Women and pushups are often not a love story. And at the same time it is a cheek to refer to the much simpler variation of the classic exercise, in which the knees are placed on the floor, as “women’s push-ups”. Let’s put an end to this! Because every woman can do push-ups – and correct ones.
However, we have to admit beforehand: It is true that many women have difficulties with classic push-ups. There are several reasons for this. We will clarify here why this is and, above all, what you can do about it.
How are push-ups performed correctly?
Before we get to the bottom of why women often find this supposedly simple exercise so difficult, take a look at what it should ideally look like:
- Put your hands on your shoulders with your index fingers pointing forward.
- Stand your feet so that your body is in a straight line from head to toe.
- Inhaling, bend your elbows and lower your body straight down towards the floor like a board. (Don’t cheat by thrusting your head forward – your neck stays straight too.)
- Exhaling, press up again with the strength of your upper body.
Tip: push-up grips
Order here: Push-up grips from Perfect Fitness
If you avoid push-ups because they hurt your wrists, use push-up grips. This pushes you up from a grip position – many athletes find that more pleasant. If you don’t have any push-up grips on hand, you can also do the push-ups on dumbbells or your fists. The only important thing is that your wrists don’t bend.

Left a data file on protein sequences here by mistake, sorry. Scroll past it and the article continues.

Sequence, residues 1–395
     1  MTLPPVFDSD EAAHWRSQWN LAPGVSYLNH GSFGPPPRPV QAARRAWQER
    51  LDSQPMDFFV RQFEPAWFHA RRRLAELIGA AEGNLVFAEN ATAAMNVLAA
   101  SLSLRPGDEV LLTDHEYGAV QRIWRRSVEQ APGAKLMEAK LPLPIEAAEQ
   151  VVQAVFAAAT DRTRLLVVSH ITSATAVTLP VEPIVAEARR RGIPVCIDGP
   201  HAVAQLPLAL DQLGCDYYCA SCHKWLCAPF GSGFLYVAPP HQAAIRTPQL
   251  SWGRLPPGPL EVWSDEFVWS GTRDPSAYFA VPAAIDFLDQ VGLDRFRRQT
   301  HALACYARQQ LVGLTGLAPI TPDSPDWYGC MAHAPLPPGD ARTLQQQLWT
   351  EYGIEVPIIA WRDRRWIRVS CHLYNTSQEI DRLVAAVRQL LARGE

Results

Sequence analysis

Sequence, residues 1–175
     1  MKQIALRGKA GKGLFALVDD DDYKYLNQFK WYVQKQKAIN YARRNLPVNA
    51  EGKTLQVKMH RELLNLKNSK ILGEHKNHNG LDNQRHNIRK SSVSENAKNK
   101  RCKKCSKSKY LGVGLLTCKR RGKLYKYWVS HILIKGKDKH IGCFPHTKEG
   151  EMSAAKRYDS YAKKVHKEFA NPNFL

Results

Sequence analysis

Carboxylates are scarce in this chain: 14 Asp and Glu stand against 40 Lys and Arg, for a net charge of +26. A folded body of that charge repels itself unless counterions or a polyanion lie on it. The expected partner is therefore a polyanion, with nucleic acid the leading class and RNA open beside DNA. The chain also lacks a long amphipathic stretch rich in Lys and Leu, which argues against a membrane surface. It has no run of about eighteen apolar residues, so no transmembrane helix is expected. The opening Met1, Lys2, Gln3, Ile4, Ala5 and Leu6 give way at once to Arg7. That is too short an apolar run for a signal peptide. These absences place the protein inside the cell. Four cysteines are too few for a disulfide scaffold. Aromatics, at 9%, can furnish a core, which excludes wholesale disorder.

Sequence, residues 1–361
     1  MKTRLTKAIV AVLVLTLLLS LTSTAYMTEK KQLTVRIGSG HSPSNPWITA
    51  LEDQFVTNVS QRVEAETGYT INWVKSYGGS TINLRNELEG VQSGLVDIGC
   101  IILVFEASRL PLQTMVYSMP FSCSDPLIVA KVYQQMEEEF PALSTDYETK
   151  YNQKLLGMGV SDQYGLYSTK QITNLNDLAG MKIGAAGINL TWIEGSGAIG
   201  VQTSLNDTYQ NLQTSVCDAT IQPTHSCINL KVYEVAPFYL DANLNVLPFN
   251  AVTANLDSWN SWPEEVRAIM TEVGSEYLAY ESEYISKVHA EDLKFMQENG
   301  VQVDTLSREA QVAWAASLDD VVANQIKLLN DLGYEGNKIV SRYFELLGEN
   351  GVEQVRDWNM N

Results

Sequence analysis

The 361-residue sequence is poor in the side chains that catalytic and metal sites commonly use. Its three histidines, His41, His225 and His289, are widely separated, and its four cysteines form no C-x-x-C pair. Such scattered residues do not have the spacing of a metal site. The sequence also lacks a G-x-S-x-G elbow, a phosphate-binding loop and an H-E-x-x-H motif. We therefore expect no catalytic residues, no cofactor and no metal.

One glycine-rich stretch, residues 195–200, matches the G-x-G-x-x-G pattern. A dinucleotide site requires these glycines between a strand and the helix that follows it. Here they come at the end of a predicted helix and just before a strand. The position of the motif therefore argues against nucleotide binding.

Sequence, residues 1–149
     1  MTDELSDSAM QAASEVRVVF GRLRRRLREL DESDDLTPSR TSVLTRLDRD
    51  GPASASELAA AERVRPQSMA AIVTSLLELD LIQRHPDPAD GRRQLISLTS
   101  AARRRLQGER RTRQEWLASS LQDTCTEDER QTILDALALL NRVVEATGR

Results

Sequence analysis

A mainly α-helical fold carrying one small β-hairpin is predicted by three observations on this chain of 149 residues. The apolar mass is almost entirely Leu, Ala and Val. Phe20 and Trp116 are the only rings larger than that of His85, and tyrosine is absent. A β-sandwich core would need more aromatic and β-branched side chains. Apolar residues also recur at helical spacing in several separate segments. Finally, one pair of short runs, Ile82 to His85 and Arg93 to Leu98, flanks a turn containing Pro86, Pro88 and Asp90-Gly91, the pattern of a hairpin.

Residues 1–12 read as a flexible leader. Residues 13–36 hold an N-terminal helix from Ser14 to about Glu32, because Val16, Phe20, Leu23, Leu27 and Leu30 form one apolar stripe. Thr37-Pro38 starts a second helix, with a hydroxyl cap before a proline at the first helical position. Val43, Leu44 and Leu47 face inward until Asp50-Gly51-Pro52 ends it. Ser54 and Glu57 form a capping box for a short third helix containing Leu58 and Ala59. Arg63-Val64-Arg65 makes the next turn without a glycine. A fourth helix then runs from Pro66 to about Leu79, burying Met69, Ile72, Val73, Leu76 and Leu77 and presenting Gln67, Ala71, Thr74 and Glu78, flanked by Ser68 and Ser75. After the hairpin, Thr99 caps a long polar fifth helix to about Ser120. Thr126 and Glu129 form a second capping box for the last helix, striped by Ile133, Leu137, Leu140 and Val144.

What must never happen with a push-up: Your buttocks shoot up or your hips sag. That’s the theory. In practice, however, these no-gos are often the rule. The compromise is often: “Put your knees down, you don’t have enough strength yet.” Is that true?
Which muscles are used in push-ups?
In principle, push-ups are not particularly complex – but: They require strength and activity in many different areas of the body. When you push yourself up from the deep push-up position, they mainly work Chest muscles (Pectoralis) and your arms. Throughout the exercise, however, much more happens to other muscles if done correctly:
- The Rhomboids and the Trapezius pull the shoulder blades towards the spine.
- The Serratus anterior anchors the shoulder blades in the back.
- biceps and Triceps stabilize the elbows.
- Back extensor and Abdominal muscles stabilize the trunk.
- The Ilipsoas the pelvis tilts slightly forward.
- The Gluteus stabilizes the hips.
- The Quadriceps straighten your knees.
- The Calf muscles dampen the recoil.
In other words, your whole body is under muscle tension. The push-up is a full-body move! Tip: You can find out which exercises conjure up a strong, taut upper body here.
Why are pushups so hard for women?
The real reason is not, as is often claimed, in the pure physical strength, but in the female anatomy. Compared to the male V-shape with broad shoulders and narrower hips, most women tend to have narrower shoulders and a wider pelvis.
This inverse relationship between hips and shoulders shifts the center of gravity further down in women – making it harder to maintain the straight line in the support position. The result: the pelvis is more likely to sag. Or you work specifically against it and therefore stretch your buttocks a little too high.